electric-goods-‘should-have-repairability-rating’

Electric goods ‘should have repairability rating’

By Justin Parkinson
Political reporter, BBC News

Publishedduration3 hours ago

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The government must look at forcing manufacturers to put “repairability” scores on electric devices, opposition parties have said.

From next year, a scheme in France will label phones, fridges, lawnmowers and other items in this way to encourage more environment-friendly purchases.

The Liberal Democrats and Green Party want this to be tested in the UK, which has a higher level of electrical waste.

Ministers promised to “make it as easy as possible” to buy re-usable goods.

The government added that it was “seeking powers” to make companies more “resource-efficient”.

Environmentalists have long campaigned against electrical manufacturers employing “planned obsolescence” – limiting the lifetime of their goods so that replacements can be sold sooner.

A report published in the summer by the United Nations-backed Global E-Waste Monitor found the UK generated 23.9kg of waste electrical and electronic equipment (WEEE) per person.

This was the second highest recorded amount in the world, after Norway’s 26kg.

In an effort to cut its waste, from next year the French government will make manufacturers give smartphones, televisions, laptop computers, washing machines and lawnmowers a repairability rating of one to 10 – showing consumers how easily they can expect to get them mended.

Liberal Democrat environment spokeswoman Sarah Olney told the BBC her party would “welcome” a similar scheme being tested in the UK.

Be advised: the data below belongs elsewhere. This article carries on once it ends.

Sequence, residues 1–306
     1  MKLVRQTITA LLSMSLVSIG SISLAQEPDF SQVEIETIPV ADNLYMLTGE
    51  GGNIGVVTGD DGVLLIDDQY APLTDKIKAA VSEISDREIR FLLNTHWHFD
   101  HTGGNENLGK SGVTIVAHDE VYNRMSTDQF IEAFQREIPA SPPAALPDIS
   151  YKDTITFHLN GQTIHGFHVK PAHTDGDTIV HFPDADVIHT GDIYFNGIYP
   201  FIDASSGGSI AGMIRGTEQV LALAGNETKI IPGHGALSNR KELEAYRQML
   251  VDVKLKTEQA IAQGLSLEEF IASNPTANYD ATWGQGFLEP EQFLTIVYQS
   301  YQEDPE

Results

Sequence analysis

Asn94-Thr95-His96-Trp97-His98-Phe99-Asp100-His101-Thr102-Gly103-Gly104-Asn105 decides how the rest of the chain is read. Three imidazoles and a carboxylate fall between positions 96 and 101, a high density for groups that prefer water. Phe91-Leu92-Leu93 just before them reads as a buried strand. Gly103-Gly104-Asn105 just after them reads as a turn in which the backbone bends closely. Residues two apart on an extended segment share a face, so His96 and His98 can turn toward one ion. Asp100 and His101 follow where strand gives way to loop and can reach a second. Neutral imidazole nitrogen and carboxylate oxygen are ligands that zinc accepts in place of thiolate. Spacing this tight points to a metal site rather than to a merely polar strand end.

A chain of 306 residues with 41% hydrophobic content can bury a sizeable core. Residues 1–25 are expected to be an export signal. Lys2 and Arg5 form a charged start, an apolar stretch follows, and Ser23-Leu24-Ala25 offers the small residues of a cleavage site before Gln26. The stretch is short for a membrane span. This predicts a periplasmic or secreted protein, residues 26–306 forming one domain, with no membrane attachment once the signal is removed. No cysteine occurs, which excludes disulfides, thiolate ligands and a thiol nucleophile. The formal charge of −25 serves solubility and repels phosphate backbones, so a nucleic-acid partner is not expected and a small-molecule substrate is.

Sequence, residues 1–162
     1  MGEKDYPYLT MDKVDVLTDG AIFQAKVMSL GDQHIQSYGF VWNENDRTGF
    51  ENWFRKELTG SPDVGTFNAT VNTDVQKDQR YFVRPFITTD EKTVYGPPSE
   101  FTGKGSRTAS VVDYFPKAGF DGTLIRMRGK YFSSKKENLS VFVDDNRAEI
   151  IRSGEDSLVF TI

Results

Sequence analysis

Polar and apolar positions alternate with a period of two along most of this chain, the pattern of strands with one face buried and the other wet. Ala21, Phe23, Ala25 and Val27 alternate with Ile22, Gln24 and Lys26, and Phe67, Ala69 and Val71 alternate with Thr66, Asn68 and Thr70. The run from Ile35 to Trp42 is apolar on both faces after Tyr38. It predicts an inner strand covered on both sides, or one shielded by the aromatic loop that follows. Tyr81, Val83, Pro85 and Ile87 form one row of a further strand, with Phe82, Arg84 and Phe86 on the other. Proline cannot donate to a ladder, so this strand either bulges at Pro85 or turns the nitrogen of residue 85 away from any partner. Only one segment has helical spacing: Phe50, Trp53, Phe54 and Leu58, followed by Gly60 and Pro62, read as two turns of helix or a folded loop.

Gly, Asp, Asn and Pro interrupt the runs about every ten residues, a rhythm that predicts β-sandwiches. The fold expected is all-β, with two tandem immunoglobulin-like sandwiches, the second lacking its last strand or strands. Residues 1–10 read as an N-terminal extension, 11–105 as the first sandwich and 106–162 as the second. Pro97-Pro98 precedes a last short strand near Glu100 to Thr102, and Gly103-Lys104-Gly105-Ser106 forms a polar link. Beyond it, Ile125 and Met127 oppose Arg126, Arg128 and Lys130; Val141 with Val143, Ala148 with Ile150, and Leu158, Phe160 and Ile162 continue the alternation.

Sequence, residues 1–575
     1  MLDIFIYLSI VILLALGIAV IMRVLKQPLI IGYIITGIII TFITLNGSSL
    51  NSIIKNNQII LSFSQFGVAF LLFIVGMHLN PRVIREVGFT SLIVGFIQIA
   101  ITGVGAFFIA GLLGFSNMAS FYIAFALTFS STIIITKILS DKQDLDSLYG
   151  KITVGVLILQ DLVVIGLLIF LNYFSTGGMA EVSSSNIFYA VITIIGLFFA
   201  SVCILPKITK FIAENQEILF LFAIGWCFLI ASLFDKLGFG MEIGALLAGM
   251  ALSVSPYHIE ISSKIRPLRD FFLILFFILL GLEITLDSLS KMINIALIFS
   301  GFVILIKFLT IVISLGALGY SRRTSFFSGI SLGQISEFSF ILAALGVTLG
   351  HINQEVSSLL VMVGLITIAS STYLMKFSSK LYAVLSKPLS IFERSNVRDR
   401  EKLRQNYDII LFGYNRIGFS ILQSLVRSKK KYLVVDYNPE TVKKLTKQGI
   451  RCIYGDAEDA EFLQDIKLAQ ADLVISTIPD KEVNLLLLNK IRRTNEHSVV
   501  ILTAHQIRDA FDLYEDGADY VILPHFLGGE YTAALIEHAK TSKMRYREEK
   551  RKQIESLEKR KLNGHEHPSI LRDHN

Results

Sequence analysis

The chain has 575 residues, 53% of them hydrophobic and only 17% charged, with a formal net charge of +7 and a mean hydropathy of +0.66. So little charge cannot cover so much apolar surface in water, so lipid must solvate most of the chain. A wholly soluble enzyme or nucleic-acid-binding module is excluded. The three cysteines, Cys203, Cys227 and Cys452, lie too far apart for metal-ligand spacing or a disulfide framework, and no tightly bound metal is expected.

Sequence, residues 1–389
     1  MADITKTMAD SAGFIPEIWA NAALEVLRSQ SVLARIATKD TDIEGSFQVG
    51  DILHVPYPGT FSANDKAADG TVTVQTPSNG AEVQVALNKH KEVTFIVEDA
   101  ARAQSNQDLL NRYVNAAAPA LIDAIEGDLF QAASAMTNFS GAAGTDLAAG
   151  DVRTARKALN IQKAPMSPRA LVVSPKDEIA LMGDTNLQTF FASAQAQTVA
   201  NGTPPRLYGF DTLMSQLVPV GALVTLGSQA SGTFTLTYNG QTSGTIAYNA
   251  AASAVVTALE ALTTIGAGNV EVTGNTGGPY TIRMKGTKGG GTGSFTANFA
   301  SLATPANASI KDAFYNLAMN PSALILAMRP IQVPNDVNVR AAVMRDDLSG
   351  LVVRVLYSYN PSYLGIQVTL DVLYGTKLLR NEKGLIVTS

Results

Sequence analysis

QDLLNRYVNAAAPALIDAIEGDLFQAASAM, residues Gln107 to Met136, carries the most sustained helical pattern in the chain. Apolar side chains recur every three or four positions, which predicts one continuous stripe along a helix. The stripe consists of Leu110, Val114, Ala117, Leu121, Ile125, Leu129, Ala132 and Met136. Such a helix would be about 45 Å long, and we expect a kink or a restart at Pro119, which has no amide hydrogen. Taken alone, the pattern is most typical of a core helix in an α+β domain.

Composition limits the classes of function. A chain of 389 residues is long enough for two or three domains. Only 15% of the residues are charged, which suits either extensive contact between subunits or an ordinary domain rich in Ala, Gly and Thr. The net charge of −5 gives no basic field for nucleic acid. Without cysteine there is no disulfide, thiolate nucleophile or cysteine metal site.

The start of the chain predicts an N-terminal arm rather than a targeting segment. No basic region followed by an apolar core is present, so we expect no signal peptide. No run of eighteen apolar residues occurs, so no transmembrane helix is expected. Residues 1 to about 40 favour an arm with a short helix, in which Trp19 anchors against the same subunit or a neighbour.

“This is not just about empowering people to make informed choices about what they buy, but also has the potential to create new skilled jobs as part of a green recovery from the Covid crisis,” she added.

The Health and Safety Executive says more than 40% of the UK’s WEEE is accounted for by large appliances such as fridges, washing machines and ovens. But households also discard “large volumes” of items such as toys, computers, kettles and watches, it adds.

Electrical goods can contain hazardous substances, including arsenic, cadmium, lead and mercury, which have to be disposed of carefully, whether they go to landfill or recycling.

Ms Olney said: “It’s not surprising most people are forced to replace items that break when repairing them is near impossible.”

The Green Party is campaigning for “repair cafes” – where people bring goods to be mended – on every high street.

Deputy leader Amelia Womack argued the UK economy had “become reliant on a throwaway culture”.

“We would welcome government action to put a stop to this,” she said, adding that it should be a “legal requirement for companies to lengthen the life of their products and ban the practice of planned obsolescence”.

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Last year, the EU adopted Right to Repair standards, which mean that from 2021 firms will have to make appliances longer-lasting and supply spare parts for machines for up to 10 years.

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